As you progress through the races, you will be rewarded with money to upgrade and purchase new cars and XP that increases your driver rank. As a seemingly direct response to the complaints of the wrongly balanced economy in Forza 5, you earn Wheel Spins (similar to the Wheel Spins from Horizon 2) each time you reach a new level. A grid will offer rewards that include Mod packs (more on these later), cash and cars; you will get to keep whichever one on which you stop the randomly moving marker. It's a nice touch but the linear career progression means that even if you win expensive, high-powered cars, you won't be able to use them until much later in the career unless you switch to free play.

Wheel Spins after each new rank allow you to get better cars quicklyWheel Spins after each new rank allow you to get better cars quickly

Another new addition that only appears in the single player game modes are Mods. Similar to the Burn Cards from Titanfall, they come in the form of packs that can be purchased with in-game currency. There are five differently valued packs from which to choose, with each one awarding cards that can be added and used before each race. The cards include ones that will grant you with additional grip and reduction in weight, bonus cards that will grant you additional XP and cash, or Dares that will task you with finishing the race under various conditions, such as racing with manual gears and clutch or removing the racing line. They are fun to use and offer an additional challenge or advantage to the career, but they are often forgotten about as there is no reminder to add them before each race.

Multiplayer is largely the same as Forza 5 with the only real noticeable difference being the inclusion of a league system. Here you can race against up to 23 other real life competitors in different classes of car. As you improve your skill you will be promoted to new leagues, which will, hopefully, mean that you will spend more time racing against people at your level, rather than being unchallenged or languishing a long distance behind the race leaders.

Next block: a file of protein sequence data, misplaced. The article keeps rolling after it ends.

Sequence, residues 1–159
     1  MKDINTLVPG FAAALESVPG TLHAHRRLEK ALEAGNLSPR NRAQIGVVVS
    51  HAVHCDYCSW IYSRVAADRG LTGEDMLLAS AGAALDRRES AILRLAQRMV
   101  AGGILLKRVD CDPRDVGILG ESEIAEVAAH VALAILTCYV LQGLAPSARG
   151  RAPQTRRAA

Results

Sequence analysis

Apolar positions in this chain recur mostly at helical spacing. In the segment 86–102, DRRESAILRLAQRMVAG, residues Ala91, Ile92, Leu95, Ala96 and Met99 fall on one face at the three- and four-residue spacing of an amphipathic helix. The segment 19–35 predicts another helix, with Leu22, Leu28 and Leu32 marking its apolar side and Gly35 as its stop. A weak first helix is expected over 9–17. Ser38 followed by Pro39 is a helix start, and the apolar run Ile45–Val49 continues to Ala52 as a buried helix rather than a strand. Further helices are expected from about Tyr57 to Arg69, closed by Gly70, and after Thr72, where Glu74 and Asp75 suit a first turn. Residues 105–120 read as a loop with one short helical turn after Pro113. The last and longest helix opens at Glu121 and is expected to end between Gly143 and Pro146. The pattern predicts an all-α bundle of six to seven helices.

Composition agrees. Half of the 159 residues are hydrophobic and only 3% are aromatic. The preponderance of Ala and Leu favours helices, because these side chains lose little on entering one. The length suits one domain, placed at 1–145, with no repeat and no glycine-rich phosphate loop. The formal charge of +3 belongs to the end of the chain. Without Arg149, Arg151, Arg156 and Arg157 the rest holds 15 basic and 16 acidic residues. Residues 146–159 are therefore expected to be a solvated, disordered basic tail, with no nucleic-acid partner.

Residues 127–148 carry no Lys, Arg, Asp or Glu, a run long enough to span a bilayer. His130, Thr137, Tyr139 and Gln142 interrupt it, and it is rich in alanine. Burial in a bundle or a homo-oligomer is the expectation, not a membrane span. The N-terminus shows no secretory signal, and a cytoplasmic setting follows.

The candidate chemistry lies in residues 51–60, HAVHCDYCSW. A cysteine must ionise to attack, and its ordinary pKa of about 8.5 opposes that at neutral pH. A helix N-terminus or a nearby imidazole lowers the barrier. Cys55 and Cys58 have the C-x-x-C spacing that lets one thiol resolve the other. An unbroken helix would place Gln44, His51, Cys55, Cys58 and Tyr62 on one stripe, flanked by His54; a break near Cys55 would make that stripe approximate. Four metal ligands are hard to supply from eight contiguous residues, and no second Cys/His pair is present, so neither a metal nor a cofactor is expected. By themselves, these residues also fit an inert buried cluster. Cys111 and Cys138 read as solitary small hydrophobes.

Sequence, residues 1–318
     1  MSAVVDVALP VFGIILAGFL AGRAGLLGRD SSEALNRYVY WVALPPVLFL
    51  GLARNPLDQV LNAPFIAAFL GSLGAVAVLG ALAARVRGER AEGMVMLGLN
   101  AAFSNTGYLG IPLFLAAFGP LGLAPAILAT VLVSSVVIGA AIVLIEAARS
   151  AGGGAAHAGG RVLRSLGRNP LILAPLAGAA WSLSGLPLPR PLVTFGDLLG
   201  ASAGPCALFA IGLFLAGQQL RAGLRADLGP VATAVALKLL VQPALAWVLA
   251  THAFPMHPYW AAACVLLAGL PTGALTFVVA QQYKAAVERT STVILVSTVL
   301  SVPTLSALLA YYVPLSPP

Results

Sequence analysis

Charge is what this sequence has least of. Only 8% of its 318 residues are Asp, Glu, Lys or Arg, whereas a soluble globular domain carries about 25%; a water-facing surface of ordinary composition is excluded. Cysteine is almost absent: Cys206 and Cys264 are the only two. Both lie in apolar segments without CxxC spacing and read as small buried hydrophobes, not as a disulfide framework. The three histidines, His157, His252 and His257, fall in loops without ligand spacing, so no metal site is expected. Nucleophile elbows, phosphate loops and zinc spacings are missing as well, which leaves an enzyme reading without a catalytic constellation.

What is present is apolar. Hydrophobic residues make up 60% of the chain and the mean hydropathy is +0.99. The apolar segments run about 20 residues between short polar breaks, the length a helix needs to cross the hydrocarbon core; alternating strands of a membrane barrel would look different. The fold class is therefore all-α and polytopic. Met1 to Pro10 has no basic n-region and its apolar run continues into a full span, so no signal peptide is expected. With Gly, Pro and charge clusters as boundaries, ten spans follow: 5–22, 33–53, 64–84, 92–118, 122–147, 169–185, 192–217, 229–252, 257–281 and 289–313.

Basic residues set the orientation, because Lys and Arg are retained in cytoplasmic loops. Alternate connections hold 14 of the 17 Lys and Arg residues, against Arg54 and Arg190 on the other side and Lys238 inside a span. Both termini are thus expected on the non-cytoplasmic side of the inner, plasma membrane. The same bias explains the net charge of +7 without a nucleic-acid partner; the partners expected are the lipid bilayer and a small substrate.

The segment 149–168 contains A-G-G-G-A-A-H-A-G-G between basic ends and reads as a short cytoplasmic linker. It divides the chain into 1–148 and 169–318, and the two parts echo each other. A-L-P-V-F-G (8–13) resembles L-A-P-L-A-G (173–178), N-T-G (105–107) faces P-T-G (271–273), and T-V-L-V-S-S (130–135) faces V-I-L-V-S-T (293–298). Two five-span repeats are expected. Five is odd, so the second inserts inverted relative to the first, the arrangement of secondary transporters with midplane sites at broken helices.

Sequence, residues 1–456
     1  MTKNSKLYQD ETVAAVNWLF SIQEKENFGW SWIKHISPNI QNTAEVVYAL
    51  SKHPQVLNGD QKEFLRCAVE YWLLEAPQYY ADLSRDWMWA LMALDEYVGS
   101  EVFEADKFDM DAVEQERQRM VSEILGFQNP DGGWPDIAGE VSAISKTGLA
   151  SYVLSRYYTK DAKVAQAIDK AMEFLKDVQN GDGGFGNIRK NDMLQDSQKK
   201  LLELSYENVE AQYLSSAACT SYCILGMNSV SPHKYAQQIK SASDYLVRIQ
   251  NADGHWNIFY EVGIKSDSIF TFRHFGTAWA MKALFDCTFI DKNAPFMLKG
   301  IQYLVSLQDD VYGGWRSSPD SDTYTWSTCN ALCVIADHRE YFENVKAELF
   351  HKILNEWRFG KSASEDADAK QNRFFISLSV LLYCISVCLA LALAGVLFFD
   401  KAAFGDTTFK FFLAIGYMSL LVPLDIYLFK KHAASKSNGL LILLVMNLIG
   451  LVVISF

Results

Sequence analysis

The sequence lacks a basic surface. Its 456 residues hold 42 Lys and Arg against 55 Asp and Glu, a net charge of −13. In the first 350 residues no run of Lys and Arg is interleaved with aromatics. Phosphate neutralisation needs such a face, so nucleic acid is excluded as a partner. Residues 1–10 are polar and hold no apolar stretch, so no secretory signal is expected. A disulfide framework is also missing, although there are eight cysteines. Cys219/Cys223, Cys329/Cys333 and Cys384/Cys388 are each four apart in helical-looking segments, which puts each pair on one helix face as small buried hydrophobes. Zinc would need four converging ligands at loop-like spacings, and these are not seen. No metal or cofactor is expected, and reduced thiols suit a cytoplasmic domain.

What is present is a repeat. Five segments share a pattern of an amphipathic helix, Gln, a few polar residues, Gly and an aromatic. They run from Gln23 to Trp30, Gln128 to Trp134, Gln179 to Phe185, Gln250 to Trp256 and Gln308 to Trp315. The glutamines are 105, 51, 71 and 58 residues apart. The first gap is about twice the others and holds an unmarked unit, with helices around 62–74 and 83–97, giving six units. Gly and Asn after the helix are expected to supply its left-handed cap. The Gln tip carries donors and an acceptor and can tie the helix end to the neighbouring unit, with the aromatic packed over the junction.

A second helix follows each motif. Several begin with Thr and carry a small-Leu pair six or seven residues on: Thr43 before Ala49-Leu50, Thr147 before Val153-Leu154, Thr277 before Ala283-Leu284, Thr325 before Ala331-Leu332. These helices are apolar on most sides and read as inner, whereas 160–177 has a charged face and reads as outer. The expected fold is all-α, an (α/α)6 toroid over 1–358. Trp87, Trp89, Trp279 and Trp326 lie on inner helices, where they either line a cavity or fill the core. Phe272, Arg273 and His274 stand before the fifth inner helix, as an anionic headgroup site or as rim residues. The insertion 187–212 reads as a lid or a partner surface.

Although multiplayer racing has so far been limited prior to release due to a lack of available players, the races that have been tried so far have been lag free. It is also worth mentioning that Turn 10 has included split-screen racing for those of you that wish to do so.

Multiplayer Leagues allow you to spend more time racing against people on your level Multiplayer Leagues allow you to spend more time racing against people on your level

The achievements are very similar to previous Forza releases. The majority can be earned when playing through the career and multiplayer modes, with others requiring you to race specific cars under certain conditions. The multiplayer achievements, such as Real Deal and Joining the Ranks, may prove difficult for some depending on your skill level. Of course, there is the also massive grind that comes with finishing every career race.


Forza Motorsport 6 isn’t for everyone and the chances are that you will know in advance if this is the type of game that you would like to try. For those of you that have even the slightest interest in cars or racing, you’ll be treated to some of the finest, most immersive racing action that you can find short of doing the real thing. With a wide choice of assists and difficulties available, it's ideal for both newcomers and hardcore racing fans alike.

There are certainly improvements that Turn 10 could make, such as dynamic time of day and weather and a less linear career mode that allowed access to better cars earlier. However, they are very minor annoyances that can be easily overlooked due to the quality of everything else that the game has to offer. With stunningly detailed visuals, sound and physics to match, a huge roster of cars to drive, and new wet and night races that add another dimension to the gameplay, this is a bigger and better Forza than we have ever seen before. Forza Motorsport 6 is a masterpiece of a racing simulator that really has to be experienced to be believed.
4.5 / 5
Forza Motorsport 6
  • Amazingly detailed visuals and sound
  • Car handling can be felt with Xbox One controller
  • Large and varied car roster
  • Wet and night racing
  • Linear career path
  • No dynamic weather or time of day
Ethics Statement
The reviewer spent approx. 25 hours racing through the single player career, showcases and multiplayer game modes, earning 32 of the game's 56 achievements. This review copy was supplied by the publisher for the purpose of this review.
Please read our Review and Ethics Statement for more information.
Dave Horobin
Written by Dave Horobin
Dave is the TrueAchievements Social Manager and has been a Newshound since 2010. When he's not chasing developers and publishers for early review copies, he can usually be found on the TrueAchievements social pages discussing all things TA related.